Cue the violins for the telecom gang

Boy, it seems like only yesterday, doesn’t it? The day that U.S. regulators busted up AT&T, I mean, and created the seven regional Bell operating companies or RBOCs, also known as the “Baby Bells” — including Southwestern Bell, Nynex, USWest and BellSouth. And how many big telephone companies are there now? Well, there are four: AT&T, BellSouth, Qwest and Verizon. And it looks like soon there will be three, if AT&T gets approval for its $67-billion (U.S.) takeover of BellSouth. The company that is now calling itself AT&T is actually Southwestern Bell or SBC, which bought AT&T last year for $16-billion and assumed the name.

Over the past decade or so, AT&T had acquired Pacific Telesis and Ameritech (two other Baby Bells), while Verizon bought Nynex and Bell Atlantic, and USWest merged with Qwest. Of course, there was also that whole sordid mess involving Bernie Ebbers and WorldCom (the shell of which became MCI), but let’s not get into that. If it feels a little like AT&T has been putting itself back together again, that’s not surprising, since in many ways it is — or at least creating a duopoly where there was once a septopoly. As Mike Masnick at Techdirt put it recently, Ma Bell is “getting the band back together” for a kind of reunion tour.

And how is the company going to make this mega-deal fly, especially when it will create the single largest telephone company since AT&T was broken up? Get ready to hear a lot about how the telecom market is hyper-competitive and local phone service just doesn’t make money any more, how voice-over-Internet is killing the industry and carriers need more volume to be able to compete, and how the idea of “network neutrality” just doesn’t pay the bills any more, and therefore AT&T needs to be able to charge Google and Yahoo and others extra to get their digital info to users on time.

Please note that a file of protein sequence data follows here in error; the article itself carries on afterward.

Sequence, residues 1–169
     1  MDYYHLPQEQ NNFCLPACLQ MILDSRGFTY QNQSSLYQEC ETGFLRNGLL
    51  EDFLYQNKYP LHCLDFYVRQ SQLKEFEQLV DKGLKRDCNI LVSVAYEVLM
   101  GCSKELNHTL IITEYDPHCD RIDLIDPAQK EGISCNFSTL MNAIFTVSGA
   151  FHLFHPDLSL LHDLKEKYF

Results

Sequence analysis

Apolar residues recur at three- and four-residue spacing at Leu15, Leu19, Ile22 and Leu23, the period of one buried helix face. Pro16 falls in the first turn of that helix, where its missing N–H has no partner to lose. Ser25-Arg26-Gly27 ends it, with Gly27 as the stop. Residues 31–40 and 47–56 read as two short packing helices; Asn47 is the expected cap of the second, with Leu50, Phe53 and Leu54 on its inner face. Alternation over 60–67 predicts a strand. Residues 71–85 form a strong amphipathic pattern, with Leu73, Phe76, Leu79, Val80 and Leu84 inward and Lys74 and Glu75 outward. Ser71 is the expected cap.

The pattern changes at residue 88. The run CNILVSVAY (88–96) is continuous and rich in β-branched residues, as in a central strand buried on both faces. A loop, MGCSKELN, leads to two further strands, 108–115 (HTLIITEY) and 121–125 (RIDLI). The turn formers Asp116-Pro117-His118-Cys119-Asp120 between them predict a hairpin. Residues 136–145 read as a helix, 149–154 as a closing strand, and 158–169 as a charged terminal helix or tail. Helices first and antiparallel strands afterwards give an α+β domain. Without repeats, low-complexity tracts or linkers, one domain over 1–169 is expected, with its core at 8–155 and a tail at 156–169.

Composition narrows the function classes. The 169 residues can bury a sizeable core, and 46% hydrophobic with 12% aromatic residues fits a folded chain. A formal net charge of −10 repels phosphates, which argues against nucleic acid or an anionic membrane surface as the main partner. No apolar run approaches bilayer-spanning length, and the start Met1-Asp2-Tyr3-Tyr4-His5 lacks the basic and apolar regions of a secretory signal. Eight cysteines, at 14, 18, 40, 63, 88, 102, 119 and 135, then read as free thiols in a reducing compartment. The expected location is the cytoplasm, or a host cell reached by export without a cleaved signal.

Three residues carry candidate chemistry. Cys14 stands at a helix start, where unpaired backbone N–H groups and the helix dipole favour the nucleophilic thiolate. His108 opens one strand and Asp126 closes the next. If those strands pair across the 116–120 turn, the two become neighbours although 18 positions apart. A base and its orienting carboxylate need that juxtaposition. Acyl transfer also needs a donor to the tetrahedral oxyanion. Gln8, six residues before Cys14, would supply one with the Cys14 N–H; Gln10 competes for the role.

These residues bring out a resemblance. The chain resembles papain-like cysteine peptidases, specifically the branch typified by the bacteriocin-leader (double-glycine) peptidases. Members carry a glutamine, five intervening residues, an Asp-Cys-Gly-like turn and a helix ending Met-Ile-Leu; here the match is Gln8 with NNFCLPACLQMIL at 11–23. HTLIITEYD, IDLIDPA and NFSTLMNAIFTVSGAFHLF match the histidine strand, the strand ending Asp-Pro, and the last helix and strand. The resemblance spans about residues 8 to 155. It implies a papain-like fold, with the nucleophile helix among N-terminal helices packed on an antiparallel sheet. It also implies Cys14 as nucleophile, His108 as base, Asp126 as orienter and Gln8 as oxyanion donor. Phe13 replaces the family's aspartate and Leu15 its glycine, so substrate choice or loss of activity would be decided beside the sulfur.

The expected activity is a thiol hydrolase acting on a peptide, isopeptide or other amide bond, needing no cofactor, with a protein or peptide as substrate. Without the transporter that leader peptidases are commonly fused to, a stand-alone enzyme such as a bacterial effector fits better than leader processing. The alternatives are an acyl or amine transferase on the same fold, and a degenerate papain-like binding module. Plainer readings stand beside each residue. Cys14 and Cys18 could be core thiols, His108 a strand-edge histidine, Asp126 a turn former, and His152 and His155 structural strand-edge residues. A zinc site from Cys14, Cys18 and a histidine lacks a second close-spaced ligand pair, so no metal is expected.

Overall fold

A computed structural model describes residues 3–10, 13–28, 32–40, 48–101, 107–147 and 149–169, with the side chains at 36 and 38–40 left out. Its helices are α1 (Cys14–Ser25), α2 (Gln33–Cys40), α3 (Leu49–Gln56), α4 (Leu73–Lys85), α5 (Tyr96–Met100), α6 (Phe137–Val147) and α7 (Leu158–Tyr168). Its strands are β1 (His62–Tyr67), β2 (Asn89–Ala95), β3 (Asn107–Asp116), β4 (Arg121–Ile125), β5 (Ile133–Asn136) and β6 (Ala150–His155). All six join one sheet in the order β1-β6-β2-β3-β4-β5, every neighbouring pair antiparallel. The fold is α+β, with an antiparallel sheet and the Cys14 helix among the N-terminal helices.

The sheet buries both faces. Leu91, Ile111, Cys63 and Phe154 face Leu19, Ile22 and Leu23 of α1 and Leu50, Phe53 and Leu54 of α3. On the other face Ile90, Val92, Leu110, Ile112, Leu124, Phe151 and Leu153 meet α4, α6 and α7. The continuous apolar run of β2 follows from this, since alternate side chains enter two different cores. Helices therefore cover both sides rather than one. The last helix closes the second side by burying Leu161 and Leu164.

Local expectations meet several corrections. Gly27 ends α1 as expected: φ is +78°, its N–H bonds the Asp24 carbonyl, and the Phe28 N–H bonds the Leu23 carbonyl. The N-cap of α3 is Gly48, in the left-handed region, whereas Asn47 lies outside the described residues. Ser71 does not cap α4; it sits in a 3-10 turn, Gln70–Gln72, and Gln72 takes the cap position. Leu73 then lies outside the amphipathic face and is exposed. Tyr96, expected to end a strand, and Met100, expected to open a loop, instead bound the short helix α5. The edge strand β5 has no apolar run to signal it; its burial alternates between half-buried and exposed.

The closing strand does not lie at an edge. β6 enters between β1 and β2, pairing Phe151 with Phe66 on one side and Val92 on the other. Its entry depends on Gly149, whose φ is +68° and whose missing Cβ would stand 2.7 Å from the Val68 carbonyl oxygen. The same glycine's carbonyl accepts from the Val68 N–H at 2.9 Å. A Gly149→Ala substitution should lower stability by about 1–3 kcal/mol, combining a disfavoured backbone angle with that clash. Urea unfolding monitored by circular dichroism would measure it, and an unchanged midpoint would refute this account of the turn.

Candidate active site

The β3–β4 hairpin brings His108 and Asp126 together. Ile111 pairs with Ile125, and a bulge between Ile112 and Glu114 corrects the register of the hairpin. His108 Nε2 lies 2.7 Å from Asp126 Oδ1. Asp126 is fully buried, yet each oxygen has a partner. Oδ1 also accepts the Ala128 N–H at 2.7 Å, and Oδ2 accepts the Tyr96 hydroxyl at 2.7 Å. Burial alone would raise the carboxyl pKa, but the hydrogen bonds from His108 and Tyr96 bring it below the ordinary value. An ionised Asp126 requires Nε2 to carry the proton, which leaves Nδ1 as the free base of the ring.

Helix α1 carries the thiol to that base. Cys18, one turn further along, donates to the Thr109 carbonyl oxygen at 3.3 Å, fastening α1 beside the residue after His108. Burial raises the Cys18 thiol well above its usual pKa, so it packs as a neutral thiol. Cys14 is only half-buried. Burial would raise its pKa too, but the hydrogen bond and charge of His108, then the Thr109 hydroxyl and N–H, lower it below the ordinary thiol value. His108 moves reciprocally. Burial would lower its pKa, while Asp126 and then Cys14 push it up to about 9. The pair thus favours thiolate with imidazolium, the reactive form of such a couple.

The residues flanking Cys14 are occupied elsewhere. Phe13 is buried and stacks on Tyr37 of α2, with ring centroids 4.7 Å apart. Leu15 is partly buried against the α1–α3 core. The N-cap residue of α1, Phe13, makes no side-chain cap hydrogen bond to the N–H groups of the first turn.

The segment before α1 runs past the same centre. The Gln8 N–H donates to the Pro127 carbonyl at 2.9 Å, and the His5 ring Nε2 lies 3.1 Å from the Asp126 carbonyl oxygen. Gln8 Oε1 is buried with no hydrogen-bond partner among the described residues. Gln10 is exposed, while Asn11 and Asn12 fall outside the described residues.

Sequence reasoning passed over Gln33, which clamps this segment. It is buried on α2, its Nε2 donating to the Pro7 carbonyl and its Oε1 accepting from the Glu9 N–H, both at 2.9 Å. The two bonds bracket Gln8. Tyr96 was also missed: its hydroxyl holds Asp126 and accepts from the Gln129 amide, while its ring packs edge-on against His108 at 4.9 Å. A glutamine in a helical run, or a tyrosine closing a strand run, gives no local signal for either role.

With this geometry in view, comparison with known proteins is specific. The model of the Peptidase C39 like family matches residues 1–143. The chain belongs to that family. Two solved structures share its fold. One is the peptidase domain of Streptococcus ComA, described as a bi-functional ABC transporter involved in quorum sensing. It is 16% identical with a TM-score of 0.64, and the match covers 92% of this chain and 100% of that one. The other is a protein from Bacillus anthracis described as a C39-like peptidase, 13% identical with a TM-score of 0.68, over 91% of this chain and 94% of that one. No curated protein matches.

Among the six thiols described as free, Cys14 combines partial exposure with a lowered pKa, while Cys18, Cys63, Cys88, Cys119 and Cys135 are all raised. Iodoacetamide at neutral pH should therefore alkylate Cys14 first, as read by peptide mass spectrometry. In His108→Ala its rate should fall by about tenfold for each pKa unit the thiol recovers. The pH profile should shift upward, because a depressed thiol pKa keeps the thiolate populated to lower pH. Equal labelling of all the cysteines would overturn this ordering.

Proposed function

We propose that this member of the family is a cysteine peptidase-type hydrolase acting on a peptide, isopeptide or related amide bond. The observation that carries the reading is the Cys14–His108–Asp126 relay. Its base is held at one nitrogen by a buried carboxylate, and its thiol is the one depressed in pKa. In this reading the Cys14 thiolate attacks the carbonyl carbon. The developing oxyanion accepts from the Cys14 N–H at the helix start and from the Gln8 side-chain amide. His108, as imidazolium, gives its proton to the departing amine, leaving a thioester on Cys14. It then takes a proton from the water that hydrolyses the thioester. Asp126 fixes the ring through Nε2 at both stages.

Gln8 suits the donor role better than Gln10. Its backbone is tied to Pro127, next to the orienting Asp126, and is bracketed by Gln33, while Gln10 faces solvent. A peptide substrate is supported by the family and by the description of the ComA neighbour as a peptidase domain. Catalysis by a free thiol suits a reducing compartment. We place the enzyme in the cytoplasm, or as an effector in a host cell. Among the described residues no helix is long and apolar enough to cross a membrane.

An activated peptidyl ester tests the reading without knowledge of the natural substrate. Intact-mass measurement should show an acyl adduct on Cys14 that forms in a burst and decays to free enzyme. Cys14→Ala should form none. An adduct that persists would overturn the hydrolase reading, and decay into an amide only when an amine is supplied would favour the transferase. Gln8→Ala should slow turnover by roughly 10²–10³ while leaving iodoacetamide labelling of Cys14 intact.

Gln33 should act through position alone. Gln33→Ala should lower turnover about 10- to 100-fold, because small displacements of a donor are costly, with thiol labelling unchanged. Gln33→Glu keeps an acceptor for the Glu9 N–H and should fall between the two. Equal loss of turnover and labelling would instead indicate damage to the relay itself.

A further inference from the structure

That’s a tune Ed Whitacre of the new AT&T has been singing for some time now, and this is only going to make him boost the volume, as my friend Mark Evans points out. But will regulators buy it, or will it sound a little off-key when it comes from one of the world’s largest phone companies? Vinnie Marchandani at DealArchitect has a good take on it, and Blake Ross has a satirical take on the press release that is worthy of The Onion.

SBC to Internet: We own you

Ed Whitacre, CEO of SBC Telecommunications, tells Businessweek magazine that as far as he’s concerned, telecoms and cable companies get to control the Internet:

“Q. How concerned are you about Internet upstarts like Google, MSN, Vonage, and others?

A. How do you think they’re going to get to customers? Through a broadband pipe. Cable companies have them. We have them. Now what they would like to do is use my pipes free, but I ain’t going to let them do that because we have spent this capital and we have to have a return on it. So there’s going to have to be some mechanism for these people who use these pipes to pay for the portion they’re using. Why should they be allowed to use my pipes? The Internet can’t be free in that sense, because we and the cable companies have made an investment and for a Google or Yahoo! or Vonage or anybody to expect to use these pipes [for] free is nuts!”

That’s a nice try, Ed. You may not be the only one to try that kind of thing, but let’s see you try to block access to Skype or Gmail unless someone pays up. And don’t large bandwidth users pay for traffic carried on a cable or telecom network already? SBC’s new business model sounds a little bit like extortion to me. Former Release 1.0 editor Kevin Werbach says we should be afraid. More discussion on the Interesting People list.

Update: The Washington Post has a story criticizing Ed, in which an SBC spokesman does some serious backpedalling on the whole arging-chay for andwidth-bay thing.